Dr. José Madero

José Madero holds an associate degree from Miami Dade College and a bachelor’s degree from Union College, both in mechanical engineering. He joined Washington University in Saint Louis and LACER in August 2013. He had previously studied the effect of moisture content on biomass-coal cofiring systems and is currently investigating the combustion of high water content fuels.

Recent concerns over emissions of CO2 from fossil fuel combustion have prompted strong interest in developing carbon neutral or carbon negative processes to supply electricity. Biofuels are considered an attractive means of supplying renewable energy, as they have low net emissions of greenhouse gases since CO2 is removed from the atmosphere during biomass growth. When biomass grows, it captures and stores energy from the sun, but it also captures CO2; so with appropriate technologies, the potential exists for using biomass as a means of removing CO2 from the atmosphere while providing energy — that is, carbon negative power generation.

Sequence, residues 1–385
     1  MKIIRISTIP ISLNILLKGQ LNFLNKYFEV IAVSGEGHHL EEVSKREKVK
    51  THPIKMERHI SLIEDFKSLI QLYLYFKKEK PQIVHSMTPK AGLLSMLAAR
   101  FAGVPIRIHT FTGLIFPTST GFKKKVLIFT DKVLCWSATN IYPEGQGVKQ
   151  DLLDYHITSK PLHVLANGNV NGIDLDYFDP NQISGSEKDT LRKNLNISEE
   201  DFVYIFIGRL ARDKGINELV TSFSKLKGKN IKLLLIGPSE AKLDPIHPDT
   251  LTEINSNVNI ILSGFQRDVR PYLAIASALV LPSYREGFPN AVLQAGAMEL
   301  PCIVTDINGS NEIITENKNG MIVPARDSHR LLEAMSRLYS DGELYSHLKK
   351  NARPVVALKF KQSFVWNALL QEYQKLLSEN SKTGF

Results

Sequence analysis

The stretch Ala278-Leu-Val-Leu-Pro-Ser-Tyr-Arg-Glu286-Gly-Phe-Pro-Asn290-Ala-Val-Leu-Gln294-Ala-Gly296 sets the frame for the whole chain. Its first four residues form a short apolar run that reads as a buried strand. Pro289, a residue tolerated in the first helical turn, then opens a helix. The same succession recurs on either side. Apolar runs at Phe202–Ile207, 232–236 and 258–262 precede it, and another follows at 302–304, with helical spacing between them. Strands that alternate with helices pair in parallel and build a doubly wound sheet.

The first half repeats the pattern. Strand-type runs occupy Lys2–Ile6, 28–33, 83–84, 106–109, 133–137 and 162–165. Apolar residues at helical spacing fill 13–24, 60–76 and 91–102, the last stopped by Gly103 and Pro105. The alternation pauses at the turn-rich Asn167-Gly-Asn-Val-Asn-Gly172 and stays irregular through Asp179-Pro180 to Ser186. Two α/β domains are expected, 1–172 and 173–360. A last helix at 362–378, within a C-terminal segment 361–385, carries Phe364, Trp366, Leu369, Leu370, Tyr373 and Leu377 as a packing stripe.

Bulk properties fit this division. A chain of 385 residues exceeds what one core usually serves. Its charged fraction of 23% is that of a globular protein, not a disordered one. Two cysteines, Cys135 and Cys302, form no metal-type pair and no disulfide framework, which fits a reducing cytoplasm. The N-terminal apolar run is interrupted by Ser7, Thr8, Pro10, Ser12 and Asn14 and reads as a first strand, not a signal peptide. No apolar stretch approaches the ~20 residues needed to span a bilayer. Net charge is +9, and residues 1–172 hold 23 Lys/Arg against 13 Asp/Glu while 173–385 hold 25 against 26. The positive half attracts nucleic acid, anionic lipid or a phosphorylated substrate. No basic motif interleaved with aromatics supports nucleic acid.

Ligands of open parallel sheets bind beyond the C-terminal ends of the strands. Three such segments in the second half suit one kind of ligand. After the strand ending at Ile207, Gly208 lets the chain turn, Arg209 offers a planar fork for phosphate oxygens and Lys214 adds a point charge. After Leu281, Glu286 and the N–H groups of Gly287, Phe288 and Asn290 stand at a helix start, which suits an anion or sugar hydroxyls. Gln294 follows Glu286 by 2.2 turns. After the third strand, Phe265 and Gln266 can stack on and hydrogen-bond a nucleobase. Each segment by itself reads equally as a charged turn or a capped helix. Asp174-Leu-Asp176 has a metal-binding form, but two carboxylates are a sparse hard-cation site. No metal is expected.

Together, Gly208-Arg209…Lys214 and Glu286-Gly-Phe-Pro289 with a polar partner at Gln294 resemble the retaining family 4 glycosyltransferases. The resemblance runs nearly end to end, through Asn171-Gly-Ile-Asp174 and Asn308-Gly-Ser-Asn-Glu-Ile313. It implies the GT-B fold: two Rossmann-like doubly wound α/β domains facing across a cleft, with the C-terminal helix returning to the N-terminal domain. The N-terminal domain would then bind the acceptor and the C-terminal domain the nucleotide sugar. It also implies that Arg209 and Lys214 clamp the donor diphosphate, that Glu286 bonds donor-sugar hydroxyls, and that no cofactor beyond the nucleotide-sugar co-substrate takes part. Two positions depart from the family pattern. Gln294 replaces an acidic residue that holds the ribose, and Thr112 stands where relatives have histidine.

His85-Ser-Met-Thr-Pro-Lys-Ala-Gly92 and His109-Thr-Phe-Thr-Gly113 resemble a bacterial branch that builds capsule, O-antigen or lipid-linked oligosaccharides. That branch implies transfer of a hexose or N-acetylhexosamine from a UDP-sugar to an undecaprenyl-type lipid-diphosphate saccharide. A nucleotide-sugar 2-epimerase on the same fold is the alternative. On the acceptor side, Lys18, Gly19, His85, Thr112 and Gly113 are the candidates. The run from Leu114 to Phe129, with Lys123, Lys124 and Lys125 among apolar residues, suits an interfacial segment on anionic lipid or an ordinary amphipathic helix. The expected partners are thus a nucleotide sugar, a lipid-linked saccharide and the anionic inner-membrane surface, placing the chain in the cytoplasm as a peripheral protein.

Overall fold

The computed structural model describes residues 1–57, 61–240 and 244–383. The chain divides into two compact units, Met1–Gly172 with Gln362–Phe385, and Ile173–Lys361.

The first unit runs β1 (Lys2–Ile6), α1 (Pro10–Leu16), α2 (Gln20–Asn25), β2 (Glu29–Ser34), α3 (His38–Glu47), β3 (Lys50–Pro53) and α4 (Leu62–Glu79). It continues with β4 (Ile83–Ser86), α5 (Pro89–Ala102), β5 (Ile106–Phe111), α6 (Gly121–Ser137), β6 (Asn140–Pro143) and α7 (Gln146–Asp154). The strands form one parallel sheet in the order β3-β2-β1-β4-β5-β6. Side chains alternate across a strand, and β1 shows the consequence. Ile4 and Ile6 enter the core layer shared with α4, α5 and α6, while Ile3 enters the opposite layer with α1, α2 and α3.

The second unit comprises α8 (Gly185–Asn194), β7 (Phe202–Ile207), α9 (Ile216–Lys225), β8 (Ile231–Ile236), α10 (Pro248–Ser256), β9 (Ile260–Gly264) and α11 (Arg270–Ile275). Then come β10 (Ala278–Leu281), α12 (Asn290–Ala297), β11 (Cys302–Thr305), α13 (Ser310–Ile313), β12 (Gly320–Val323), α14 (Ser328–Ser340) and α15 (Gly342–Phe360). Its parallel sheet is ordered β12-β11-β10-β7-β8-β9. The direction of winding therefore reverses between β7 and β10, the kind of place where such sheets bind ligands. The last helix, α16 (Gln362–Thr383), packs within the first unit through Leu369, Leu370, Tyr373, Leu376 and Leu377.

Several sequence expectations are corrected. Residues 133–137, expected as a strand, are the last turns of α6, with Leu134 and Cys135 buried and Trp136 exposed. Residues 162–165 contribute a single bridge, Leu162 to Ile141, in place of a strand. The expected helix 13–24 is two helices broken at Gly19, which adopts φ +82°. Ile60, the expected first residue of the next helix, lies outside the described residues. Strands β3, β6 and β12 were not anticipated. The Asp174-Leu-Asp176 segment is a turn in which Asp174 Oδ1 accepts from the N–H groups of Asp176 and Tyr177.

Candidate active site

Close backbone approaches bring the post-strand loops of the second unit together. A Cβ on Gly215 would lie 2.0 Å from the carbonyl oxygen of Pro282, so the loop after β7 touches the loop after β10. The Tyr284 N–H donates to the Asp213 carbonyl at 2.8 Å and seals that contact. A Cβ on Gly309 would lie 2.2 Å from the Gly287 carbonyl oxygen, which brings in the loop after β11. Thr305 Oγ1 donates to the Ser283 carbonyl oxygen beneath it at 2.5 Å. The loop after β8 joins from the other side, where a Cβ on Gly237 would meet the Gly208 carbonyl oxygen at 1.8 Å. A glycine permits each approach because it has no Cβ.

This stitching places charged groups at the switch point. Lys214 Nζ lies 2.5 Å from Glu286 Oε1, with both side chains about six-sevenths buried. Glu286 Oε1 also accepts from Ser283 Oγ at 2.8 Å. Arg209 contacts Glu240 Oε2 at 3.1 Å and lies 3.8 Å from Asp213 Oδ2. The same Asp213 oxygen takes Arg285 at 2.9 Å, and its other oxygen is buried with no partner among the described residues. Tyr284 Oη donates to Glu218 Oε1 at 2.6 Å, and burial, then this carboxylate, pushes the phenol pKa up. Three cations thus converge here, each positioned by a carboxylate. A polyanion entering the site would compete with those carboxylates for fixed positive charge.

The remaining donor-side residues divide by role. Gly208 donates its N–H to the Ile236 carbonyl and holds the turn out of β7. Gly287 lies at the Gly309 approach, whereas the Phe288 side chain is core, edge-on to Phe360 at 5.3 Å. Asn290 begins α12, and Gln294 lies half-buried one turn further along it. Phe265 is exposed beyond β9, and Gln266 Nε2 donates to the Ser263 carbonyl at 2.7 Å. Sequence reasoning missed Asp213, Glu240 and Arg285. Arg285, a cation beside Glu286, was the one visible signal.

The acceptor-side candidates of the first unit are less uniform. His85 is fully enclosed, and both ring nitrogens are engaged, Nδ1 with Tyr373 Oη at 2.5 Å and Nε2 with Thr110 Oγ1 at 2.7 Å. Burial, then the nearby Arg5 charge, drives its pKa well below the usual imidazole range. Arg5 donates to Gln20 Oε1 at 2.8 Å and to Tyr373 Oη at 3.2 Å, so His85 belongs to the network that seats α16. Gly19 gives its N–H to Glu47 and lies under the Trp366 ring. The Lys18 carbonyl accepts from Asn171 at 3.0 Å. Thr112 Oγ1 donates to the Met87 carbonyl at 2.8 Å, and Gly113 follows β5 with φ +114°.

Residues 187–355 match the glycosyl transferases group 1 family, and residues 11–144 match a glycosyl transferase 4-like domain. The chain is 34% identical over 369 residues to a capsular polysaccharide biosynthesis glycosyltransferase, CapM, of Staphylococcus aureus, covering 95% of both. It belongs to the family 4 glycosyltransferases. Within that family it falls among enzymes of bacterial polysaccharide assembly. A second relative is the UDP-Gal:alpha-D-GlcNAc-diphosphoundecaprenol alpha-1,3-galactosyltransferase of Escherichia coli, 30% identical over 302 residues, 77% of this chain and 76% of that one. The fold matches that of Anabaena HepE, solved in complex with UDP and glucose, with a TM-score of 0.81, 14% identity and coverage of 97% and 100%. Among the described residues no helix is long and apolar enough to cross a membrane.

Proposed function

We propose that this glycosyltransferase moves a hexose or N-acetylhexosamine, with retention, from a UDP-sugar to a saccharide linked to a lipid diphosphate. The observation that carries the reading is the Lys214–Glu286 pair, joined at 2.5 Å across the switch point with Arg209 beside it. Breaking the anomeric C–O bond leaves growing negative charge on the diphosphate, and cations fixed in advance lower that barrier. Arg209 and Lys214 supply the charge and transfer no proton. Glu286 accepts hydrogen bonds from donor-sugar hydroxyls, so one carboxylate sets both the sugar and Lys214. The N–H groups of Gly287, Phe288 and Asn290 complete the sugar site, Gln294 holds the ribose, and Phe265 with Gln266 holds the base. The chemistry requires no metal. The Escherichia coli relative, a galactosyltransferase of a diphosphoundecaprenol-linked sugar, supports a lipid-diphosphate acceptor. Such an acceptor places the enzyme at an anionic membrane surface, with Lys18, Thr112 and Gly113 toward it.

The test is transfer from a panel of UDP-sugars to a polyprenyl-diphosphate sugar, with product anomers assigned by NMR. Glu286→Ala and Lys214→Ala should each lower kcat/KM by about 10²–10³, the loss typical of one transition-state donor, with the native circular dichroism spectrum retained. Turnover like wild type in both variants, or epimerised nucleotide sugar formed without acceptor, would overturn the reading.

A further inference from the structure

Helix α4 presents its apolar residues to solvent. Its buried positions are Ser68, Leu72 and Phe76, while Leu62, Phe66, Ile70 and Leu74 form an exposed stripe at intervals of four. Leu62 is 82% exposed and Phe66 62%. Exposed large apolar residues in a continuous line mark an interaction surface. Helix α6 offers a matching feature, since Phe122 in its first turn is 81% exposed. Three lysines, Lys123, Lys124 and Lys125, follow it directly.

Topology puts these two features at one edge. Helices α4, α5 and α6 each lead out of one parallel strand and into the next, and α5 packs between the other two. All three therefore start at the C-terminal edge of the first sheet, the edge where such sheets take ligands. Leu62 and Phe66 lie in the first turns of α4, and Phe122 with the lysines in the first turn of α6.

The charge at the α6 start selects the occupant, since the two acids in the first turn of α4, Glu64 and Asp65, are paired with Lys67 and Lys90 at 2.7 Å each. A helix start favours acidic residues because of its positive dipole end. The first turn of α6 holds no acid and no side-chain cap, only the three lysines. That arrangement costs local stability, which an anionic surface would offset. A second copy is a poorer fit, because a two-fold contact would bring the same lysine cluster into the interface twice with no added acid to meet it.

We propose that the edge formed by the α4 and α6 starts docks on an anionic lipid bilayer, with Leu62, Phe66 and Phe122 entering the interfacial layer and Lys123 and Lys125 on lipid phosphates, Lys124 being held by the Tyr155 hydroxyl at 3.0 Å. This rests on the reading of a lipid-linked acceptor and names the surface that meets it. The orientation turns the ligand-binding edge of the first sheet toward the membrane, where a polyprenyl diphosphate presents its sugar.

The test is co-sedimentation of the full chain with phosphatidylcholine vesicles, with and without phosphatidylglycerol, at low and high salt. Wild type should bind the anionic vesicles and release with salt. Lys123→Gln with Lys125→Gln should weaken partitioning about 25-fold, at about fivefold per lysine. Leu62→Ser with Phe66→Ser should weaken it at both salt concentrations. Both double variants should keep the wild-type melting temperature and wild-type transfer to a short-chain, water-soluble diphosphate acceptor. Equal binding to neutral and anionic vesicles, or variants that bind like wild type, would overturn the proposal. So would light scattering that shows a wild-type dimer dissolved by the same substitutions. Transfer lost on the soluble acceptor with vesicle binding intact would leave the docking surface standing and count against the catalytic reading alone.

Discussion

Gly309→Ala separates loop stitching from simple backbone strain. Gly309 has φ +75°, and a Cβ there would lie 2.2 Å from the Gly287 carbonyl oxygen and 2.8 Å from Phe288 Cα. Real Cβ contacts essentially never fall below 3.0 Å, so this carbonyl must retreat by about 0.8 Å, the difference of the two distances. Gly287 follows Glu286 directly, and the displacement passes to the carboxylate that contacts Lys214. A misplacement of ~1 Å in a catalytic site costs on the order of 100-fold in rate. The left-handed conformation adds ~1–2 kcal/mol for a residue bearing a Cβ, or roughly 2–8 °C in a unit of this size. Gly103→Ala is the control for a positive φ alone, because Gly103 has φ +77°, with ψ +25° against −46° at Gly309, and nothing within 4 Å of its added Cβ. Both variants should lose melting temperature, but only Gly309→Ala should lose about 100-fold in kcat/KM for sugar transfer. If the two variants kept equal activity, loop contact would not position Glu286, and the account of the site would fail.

Biomass intrinsically has high moisture content, either during growth (e.g., algae) and/or during processing (e.g., ethanol). During the processing of biomass or waste, water is separated in an energy-intensive step. For example, 25% of the energy content of ethanol is consumed by water removal. Thus, there are many opportunities to utilize high moisture content biomass if the energy content of these fuels can be extracted. The combustion of mixtures of fuel and water — for example, ethanol, coal-water slurry, oil-water emulsion, wastewater, bio-oil — has been the subject of extensive research since the 1970s. Nonetheless, most of the previous studies aimed to operate with minimal water content. With the advent of oxy-combustion, this is no longer a necessary requirement, and our current work aims to address combustion of fuels that are heavily diluted with water (e.g.,  > 50% water content). The following topics are currently being investigated: the liquid mass transfer mechanism in droplets and sprays; the influence of preferential vaporization of volatile fuels on flame stability; the flame characteristics for volatile and non-volatile fuels having high water content; and the mechanisms of flame stabilization for the different fuel mixtures.